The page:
In a piston engine, the valve timing is the precise timing of the opening and closing of the valves. In an internal combustion engine those are usually poppet valves and in a steam engine they are usually slide valves or piston valves.
In four-stroke cycle engines and some two-stroke cycle engines, the valve timing is controlled by the camshaft. It can be varied by modifying the camshaft, or it can be varied during engine operation by variable valve timing. It is also affected by the adjustment of the valve mechanism, and particularly by the tappet clearance. However, this variation is normally unwanted.
With traditional fixed valve timing, an engine will have a period of "valve overlap" at the end of the exhaust stroke, when both the intake and exhaust valves are open. The intake valve is opened before the exhaust gases have completely left the cylinder, and their considerable velocity assists in drawing in the fresh charge. Engine designers aim to close the exhaust valve just as the fresh charge from the intake valve reaches it, to prevent either loss of fresh charge or unscavenged exhaust gas. In the diagram, the valve overlap periods are indicated by the overlap of the red and blue arcs. Key:
Either valve opens before the piston head reaches top dead centre or bottom dead centre. The amount in crankshaft degrees by which the valves open before top dead centre or bottom dead centre is reached is known as valve lead. The amount in crankshaft by which the valves close after top dead centre or bottom dead centre is reached is known as valve lag. Valve overlap is a secondary means to cool exhaust valves with intake air during valve overlap. Primary cooling is accomplished by dissipating heat to the valve seats.
Main article: Variable valve timing
Engines that always run at a relatively high speed, such as race car engines, will have considerable overlap in their valve timings for maximum volumetric efficiency. Road car engines are different because they are required to idle at less than 1000rpm, and excessive valve overlap would make smooth idling impossible because of the mixing of fresh and exhaust gases. Variable valve timing can give both maximum power at high rpm and smooth idling at low rpm by making small changes to the relative angular position of the camshafts and thereby varying the valve overlap.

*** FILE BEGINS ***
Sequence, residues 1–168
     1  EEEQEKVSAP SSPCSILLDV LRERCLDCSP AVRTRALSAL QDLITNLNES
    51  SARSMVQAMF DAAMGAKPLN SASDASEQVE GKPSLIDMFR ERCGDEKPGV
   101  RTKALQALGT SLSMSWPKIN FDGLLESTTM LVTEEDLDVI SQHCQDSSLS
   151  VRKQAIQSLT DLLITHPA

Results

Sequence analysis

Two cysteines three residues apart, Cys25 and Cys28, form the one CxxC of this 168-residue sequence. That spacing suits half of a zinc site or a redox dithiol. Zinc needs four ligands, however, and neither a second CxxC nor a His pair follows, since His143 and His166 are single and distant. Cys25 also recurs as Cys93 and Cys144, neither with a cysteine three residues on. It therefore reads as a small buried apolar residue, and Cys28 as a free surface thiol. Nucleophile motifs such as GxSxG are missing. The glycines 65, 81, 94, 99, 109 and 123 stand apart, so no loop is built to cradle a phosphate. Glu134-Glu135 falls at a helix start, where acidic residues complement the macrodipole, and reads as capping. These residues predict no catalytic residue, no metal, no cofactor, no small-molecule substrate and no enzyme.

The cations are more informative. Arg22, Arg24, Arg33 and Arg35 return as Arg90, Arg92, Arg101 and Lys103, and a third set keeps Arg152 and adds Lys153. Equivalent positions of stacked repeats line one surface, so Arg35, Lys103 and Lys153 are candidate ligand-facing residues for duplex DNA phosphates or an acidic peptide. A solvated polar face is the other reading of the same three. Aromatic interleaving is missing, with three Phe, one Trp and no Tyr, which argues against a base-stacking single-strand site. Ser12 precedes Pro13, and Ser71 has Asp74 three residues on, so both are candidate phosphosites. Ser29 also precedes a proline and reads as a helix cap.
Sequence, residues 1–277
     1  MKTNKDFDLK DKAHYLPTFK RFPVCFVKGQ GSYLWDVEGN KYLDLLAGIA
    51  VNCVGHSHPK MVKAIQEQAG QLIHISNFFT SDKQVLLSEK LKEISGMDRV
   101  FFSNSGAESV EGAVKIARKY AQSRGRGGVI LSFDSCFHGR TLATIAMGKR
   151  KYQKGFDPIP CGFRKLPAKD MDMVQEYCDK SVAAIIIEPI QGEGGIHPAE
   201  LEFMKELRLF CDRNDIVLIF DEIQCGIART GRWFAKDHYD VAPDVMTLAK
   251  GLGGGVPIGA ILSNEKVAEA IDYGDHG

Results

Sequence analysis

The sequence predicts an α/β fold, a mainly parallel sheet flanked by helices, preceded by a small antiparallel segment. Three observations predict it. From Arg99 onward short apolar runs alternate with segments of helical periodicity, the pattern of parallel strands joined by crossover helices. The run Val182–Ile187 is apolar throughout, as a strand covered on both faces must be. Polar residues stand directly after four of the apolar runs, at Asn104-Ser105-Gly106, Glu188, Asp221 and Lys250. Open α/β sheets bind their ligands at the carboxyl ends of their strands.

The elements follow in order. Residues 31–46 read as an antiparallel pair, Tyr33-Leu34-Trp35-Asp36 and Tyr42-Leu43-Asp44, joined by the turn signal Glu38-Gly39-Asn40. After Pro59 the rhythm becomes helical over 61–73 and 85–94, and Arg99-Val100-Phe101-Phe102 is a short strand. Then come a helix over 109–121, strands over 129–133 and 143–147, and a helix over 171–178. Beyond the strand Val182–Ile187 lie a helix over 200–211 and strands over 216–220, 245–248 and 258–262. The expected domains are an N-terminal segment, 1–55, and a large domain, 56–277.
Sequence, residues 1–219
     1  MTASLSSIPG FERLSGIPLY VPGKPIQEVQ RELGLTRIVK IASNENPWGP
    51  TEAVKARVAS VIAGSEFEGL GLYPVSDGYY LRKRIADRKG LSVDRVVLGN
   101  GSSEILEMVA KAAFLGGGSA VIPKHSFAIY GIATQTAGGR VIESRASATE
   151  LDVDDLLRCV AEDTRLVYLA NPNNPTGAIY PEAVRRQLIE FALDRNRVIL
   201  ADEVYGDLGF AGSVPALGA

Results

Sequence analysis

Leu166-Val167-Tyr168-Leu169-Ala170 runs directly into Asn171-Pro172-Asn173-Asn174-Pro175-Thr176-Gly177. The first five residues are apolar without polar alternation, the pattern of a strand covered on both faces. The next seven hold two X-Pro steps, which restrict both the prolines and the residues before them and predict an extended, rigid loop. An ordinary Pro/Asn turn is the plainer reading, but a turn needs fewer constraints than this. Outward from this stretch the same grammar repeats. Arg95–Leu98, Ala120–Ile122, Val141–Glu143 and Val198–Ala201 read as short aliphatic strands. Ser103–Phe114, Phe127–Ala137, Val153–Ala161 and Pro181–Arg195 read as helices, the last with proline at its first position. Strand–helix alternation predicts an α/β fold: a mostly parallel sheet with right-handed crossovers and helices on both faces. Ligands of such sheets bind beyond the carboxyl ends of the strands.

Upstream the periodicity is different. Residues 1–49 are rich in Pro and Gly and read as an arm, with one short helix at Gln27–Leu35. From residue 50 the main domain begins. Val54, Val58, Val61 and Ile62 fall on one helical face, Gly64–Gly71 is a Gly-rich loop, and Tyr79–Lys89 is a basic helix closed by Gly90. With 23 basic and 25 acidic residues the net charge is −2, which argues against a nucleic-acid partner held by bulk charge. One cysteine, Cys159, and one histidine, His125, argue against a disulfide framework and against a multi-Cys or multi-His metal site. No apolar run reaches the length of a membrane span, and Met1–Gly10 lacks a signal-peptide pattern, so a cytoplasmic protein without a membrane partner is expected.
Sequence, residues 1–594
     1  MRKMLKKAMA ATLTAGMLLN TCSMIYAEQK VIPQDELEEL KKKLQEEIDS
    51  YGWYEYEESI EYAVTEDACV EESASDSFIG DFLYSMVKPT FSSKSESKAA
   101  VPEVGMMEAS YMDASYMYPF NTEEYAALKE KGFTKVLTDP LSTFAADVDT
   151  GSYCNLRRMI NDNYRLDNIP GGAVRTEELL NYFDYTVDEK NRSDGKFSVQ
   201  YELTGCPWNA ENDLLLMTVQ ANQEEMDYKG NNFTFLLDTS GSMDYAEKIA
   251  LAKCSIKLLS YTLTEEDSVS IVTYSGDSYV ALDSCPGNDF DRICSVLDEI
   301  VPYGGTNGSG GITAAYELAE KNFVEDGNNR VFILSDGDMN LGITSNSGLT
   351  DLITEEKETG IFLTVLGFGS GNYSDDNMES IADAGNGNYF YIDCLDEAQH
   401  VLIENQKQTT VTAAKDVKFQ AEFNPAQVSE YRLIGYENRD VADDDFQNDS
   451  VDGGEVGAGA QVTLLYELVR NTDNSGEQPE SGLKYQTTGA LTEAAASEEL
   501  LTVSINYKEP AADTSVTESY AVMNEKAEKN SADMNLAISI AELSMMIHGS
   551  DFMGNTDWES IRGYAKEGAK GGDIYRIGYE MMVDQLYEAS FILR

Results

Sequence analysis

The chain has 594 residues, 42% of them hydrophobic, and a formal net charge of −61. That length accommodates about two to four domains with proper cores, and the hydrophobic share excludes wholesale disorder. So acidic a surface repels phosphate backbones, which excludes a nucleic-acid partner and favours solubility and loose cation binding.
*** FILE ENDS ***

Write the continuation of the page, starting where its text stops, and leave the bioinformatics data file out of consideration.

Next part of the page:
Many two-stroke cycle and all wankel engines do not have a camshaft or valves, and the port timing can only be varied by machining the ports, and/or modifying the piston skirt (two-stroke applications). However, some supercharged two-stroke diesel engines (such as the Wilksch aero-engine) do have a cylinder head and poppet valves, similar to a four-stroke cycle engine.
The valve timing of a diesel engine also depends on tappet clearance of the inlet and exhaust valves.
If tappet clearance is less, then valve will open early and close late. If tappet clearance is more, then valve will open late and close early. Tappet clearance is measured by an instrument called feeler gauge.
In an external combustion engine, such as a steam engine, the control of the valve timing is by the valve gear. In a typical piston valve arrangement, the timing of the intake and exhaust events for each cylinder are inextricably related as they are governed by the movement of a single piston uncovering two ports. However, the duration of the intake event can be controlled (the "cut-off") using the reversing gear and this reduces steam usage under cruising conditions.
Caprotti valve gear is more closely related to that of an internal combustion engine, uses poppet valves, and was developed to allow independent timing of the intake and exhaust events. It was never used as widely as piston valves or the earlier slide valves.